The Rooster in Brussels or Austria’s Twitter ‘Evolution’

31 10 2009

Cremer_Hahn_28102009 Photo: Students protesting in the streets of Vienna, Oct. 29. Photo Credit: Cremer / Der Standard.

“I feel already well-equipped, and speaking English daily will hopefully not cause me to forget German,” Johannes Hahn – the last name Hahn translated into English means rooster or cock – replied confidently in his first public interview with the daily Der Standard of Oct. 28, when asked about his English language knowledge after his surprise nomination as Austria’s EU Commissioner. The current Federal Minister for Science and Research, in office since January 2007, will be Austria’s most influential European politician as part of Emanuel Barroso’s second European Commission.

With the unanimous decision by the Austrian government of Oct. 27 lunchtime, the show-down between the two coalition partners – Werner Faymann’s Social democrats and Josef Pröll’s Conservative ÖVP – eventually found an abupt end. The contest of nomination was mere on the surface, though, as Faymann declared already months ago that his party – though strongest in the Austrian Parliament – would not nominate a commissioner, but played a risky tactical game of which Conservative nominee they would support.
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EP Elections: ‘Where Do You Go?’

7 06 2009

I admit: I have cast my vote in the elections to the European Parliament at about 10.40 am this morning. So, I am one of about 35 to 40 percent of the Austrian electorate – my estimation – that by the end of the day will have cast their vote for the 17 Austrian seats in the European Parliament. In 2004, 42.5% went to the polls.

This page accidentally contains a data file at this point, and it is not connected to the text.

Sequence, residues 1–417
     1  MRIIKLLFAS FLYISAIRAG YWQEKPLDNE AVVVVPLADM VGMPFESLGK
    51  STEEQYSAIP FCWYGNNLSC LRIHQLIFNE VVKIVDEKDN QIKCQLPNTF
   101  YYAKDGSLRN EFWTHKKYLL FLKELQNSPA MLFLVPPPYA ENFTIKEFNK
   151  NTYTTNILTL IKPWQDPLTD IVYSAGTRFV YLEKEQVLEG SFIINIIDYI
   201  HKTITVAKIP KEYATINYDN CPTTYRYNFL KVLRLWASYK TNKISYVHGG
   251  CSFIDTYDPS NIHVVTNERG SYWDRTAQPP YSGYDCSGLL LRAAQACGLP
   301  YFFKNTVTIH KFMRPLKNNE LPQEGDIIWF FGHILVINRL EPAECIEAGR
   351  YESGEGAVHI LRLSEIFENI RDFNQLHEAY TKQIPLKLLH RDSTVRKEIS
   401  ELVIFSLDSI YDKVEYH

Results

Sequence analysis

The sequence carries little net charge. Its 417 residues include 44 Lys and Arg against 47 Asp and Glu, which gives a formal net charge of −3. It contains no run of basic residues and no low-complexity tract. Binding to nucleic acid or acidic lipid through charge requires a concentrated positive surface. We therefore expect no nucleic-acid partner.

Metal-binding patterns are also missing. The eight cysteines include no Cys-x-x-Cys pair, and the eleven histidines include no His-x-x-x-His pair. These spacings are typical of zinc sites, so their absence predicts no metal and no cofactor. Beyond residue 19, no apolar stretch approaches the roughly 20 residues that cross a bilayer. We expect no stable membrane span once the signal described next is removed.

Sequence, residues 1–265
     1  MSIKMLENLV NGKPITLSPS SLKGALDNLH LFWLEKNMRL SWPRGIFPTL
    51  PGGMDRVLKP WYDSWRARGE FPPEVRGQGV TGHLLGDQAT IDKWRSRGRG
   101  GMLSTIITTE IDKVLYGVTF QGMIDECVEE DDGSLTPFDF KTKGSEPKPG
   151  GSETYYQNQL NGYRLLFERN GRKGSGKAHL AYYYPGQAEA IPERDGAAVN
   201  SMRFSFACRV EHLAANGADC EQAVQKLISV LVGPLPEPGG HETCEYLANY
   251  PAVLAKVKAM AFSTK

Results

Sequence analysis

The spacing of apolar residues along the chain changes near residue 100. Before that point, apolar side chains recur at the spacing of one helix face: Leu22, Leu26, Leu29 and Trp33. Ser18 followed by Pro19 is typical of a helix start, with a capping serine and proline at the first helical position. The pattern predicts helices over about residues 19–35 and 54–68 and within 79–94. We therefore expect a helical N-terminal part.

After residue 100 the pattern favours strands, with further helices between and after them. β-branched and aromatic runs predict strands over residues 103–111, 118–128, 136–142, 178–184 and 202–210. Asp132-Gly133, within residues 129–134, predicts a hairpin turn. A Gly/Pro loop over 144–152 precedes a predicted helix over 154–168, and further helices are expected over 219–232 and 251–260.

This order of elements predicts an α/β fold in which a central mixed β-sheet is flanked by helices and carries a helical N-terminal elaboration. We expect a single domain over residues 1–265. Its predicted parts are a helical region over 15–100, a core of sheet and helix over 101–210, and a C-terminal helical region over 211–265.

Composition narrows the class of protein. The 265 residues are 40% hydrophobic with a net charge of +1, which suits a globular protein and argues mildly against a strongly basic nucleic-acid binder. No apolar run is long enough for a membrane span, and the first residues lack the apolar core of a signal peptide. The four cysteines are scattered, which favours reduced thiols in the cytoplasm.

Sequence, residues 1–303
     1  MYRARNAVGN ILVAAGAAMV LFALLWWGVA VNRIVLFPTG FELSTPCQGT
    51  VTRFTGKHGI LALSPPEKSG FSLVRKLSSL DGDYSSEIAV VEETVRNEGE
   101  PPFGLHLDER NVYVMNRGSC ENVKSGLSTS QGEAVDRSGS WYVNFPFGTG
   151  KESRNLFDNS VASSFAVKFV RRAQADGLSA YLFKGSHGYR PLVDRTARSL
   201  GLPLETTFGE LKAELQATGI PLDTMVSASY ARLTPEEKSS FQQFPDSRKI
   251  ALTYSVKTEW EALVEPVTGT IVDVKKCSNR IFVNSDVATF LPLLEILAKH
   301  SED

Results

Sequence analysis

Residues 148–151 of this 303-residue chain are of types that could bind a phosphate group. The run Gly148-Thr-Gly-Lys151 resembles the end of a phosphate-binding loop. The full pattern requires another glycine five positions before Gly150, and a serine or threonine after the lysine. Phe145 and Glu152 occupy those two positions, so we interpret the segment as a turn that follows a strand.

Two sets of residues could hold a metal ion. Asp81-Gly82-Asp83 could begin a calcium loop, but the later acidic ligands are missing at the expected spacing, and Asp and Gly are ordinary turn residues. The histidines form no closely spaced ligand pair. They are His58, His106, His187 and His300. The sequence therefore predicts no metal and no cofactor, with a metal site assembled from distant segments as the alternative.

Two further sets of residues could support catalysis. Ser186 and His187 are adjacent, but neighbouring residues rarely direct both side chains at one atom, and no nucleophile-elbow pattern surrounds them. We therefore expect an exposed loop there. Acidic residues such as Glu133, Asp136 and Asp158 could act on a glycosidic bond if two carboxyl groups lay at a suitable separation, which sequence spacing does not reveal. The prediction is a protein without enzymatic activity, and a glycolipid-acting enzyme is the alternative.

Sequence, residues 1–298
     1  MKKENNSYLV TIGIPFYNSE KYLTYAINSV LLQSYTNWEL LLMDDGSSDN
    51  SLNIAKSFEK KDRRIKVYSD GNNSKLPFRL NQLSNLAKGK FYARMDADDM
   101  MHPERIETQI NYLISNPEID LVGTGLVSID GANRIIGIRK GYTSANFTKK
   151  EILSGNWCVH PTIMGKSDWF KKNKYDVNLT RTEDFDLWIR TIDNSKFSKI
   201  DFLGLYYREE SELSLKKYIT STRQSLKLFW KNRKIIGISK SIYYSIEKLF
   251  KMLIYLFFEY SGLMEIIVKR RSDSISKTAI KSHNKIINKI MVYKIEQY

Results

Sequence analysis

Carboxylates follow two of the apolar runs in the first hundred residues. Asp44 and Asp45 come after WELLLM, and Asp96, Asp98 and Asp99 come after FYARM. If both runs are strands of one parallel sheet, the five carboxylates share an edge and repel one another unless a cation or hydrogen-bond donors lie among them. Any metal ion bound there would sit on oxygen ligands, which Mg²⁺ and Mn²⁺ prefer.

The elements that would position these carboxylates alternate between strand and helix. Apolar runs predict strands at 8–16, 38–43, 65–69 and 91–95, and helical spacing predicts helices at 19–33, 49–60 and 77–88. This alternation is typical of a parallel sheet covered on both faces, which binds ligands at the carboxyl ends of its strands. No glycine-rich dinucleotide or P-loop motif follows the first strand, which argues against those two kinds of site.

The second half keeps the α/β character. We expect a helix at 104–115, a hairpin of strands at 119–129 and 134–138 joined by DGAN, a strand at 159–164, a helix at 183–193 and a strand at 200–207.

There were a few novelties for me: For the first time, I made my way to the polling station without any idea who I am going to vote. As resident of Vienna’s most-populated district Favoriten, it is a five-minute walk to the primary school at Keplerplatz, right at the administrative center of Vienna’s 10th district, just off the underground station of the same name and the pedestrian Favoritenstrasse.

While attentatively walking through the streets at a humid but cloudy Sunday morning, I recall No Mercy’s 1996-hit ‘Where Do You Go?’ Indeed, where is Europe heading, I wonder.
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End of an Era – The passing of two politicians who shaped late 20th century Austria

15 11 2008
Helmut Zilk and Thomas Klestil

Helmut Zilk and Thomas Klestil

Photo: Helmut Zilk (left) and Austrian President Thomas Klestil. Photo Credit: Österr. Bundesheer